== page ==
New Walkability and Pedestrian Safety Report Presented to City Council

Walkability and Pedestrian Safety in Thunder Bay

December 7, 2017 - On Monday December 4, 2017, representatives from Thunder Bay District Health Unit and Lakehead University appeared before City Council to share results from a research project investigating walkability and pedestrian safety in Thunder Bay. The research project consisted of an analysis of ten years of pedestrian-vehicle collision data, as well as the results of a community survey on perceptions of walkability and pedestrian safety in Thunder Bay. This is the first time local collision data has been analyzed and summarized in Thunder Bay, marking the first step for further research on walkability.

Joanna Carastathis, health promotion planner with the Thunder Bay District Health Unit, hopes that the research shines a light on the importance of building Thunder Bay streets with vulnerable road users in mind. “When streets and sidewalks are built safely, in a way which prioritizes pedestrians, it can promote walking as an accessible, affordable, and pleasant mode of transportation,” said Carastathis.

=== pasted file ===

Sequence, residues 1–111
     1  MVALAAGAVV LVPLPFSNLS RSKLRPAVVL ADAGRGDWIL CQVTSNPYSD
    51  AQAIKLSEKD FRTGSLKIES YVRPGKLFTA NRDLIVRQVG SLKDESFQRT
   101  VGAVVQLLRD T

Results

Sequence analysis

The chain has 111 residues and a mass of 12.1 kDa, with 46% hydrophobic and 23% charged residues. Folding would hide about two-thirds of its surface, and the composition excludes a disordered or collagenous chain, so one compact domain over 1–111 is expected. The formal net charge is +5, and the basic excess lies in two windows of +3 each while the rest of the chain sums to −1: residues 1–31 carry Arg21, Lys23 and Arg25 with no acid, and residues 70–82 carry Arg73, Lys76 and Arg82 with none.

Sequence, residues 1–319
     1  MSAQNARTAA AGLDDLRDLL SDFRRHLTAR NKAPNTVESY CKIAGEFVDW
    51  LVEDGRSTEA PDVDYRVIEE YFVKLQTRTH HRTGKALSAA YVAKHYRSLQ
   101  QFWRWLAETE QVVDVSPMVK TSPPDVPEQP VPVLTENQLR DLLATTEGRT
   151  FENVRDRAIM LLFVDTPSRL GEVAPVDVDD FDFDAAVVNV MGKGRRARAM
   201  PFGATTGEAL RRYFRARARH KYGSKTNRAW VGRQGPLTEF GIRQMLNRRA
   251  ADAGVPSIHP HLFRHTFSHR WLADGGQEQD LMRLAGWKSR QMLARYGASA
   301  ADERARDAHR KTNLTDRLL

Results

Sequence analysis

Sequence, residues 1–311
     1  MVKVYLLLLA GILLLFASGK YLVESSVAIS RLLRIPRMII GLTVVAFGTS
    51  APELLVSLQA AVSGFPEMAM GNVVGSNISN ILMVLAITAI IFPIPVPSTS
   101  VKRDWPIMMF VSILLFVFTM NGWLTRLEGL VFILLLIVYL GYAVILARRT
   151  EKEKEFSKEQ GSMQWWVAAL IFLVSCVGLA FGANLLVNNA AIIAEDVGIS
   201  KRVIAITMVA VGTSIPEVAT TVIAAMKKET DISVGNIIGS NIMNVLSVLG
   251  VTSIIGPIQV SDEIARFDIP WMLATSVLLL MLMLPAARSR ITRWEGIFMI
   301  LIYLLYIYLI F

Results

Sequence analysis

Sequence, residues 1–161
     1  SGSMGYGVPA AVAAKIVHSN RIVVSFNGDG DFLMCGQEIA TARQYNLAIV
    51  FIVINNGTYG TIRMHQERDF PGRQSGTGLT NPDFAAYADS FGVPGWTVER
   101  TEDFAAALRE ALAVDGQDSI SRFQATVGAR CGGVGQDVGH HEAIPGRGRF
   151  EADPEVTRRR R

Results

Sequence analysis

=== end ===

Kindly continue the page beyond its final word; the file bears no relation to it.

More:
“If the streets are built for people instead of cars, the whole community benefits. Walkable communities have the potential to increase physical activity levels, improve health outcomes, reduce greenhouse gas emissions and boost local economies.”

The new report will also serve as a source of information for City Administration.

“This report provides data on pedestrian collision locations and causes that the City’s Engineering & Operations Division can use to prioritize and inform capital work, which will improve pedestrian safety,” said Kayla Dixon, Director – Engineering & Operations, City of Thunder Bay.

“Used in conjunction with the forthcoming Transportation Master Plan recommendations, we hope to see more people using active transportation and enjoying our many trails and pedestrian corridors.”

This project was the result of collaboration between the Thunder Bay District Health Unit, Dr. Lindsay Galway with Lakehead University, and Adam Krupper, Mobility Coordinator for the City of Thunder Bay. The full research findings and recommendations are documented in a comprehensive report which was provided to City Council members.

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